The Associated Students Senate University Affairs Committee met in the Santa Barbara Mission Room to hear shared governance reports Tuesday evening.
Speakers included members from the Student Health Advisory Committee (SHAC) and the Faculty Executive Committee (FEC). The Student Affairs Committee also listened to reports from the Student Fee Advisory Committee (SFAC) about a bill to create the Code of Conduct for Associated Students.
The SFAC chair and fourth-year economics and accounting major Sean McKenzie said their group is separate from A.S. and is composed of 12 voting members, including two sophomores, two juniors, two seniors, two grad reps, two faculty and two staff representatives.
“We are a committee under the Student Affairs Department, so we have nothing to do with Associated Students at all, even though we have Associated Students as our Ex-Officio Advisory members,” McKenzie said.
According to McKenzie, the SFAC hears out public requests for departments for one-time projects such as maintenance requests, student health requests and more.
“In Fall we open up public requests for those departments like the MultiCultural Center, the Rec Center, CAPS — there’s a whole list on our website actually,” McKenzie said. “So they come in [and] in the Fall they request money from us. We have a pot every year of money — it’s $285,000 each year, that’s based on a percentage of the student services fee. So based on that money, the Committee will allocate to these departments based on if they see fit whether they are going to improve the student life basically.”
McKenzie also said all UC’s have a SFAC, and they meet up at various locations every quarter to work on campaigns.
The Chair of the Senate Affairs Committee and second-year political science major Cassandra Mancini said SHAC had a meeting last Tuesday discussing the new meningitis vaccine, which would require three shots.
“Last year, 50 percent of the student body got both shots, so that’s pretty cool. We’re very protected against Meningitis,” Mancini said. “But this new vaccine is not recommended — or you don’t have to get it if you got last year’s one — but, it would be good for new students and transfer students to get. So we will be offering that.”
According to Mancini, the new vaccine will cost money, but the amount is currently unknown.
“It’ll just be in the Student Health Office, so anyone can get it at any time — it’s also not free like it was last year,” Mancini said. “They didn’t mention how much it costs. But also, I don’t know if insurance will cover it until next year, so that’s something that we might have to start talking about pretty soon.”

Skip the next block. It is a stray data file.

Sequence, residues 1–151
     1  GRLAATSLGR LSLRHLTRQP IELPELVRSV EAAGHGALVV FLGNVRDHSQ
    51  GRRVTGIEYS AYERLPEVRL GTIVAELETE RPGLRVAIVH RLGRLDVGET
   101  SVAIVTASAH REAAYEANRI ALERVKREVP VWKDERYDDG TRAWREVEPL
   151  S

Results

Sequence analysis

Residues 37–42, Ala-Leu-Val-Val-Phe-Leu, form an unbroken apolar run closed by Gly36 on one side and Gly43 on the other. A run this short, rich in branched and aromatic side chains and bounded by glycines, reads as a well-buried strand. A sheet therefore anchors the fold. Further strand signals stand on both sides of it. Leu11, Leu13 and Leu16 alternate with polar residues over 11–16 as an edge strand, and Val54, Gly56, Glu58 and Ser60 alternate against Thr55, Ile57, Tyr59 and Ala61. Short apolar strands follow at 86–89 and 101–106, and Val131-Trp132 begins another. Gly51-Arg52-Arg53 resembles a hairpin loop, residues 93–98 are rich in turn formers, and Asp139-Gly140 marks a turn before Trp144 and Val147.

According to Mancini, the cost of getting the flu shot is rising, and there will be an official meeting on Gaucho Health Insurance (GHI) next Thursday.
“The costs of flu shots is being increased from $20-$30 for non-Gaucho Health Insurance people, and we talked about whether that was prohibitive or not,” Mancini said.
Mancini said the distance criteria will be extended to approximately 50 miles next year in order to include students who have Kaiser health insurance, which is currently not a sufficient alternative health care providers according to current GHI stantards, though MediCal students would still be denied.
“Kaiser students can easily get waived,” Mancini said. “So that will be great for students because that was a big issue this year. Us and Santa Cruz are the only UC’s that didn’t have a Kaiser within a close distance.”
FEC student representative and fourth year student Nikka Kurland said the Faculty Committee’s responsibilities include collecting information from end-of-the-quarter course assessments.
“They review self-assessments from different departments and kind of like approve name changes [of] the department names like changes of majors and things like that,” Kurland said. “All the little surveys that you guys fill out at the end of each quarter, like ranking the classes and stuff, basically that information does get compiled and people actually do look at it, and people actually take it very, very seriously.”
A.S. Senator Matthew Santos presented an amendment to add a second policy called “A Bill to Create the Code of Conduct for Associated Students” on to policy one in the A.S. Senate Bill.
“Policy one would be created as the actual code of conduct with the A.S., all elected officials and the five bullets underneath,” Santos said. “The amendment that I would propose creates policy two under that.”
Mancini said the Code of Conduct had previously been voted on and approved by the Senate, but that the second policy in need of approval included the travel agreement under the five points for elected officials, appointed officials, general members and employees of A.S.
According to Santos, the agreement would promote “professionalism, civility, respect and courtesy.”
“We would just call that the A.S. Code of Conduct Travel Agreement… voted upon by the Senate, specific for traveling to events,” Santos said.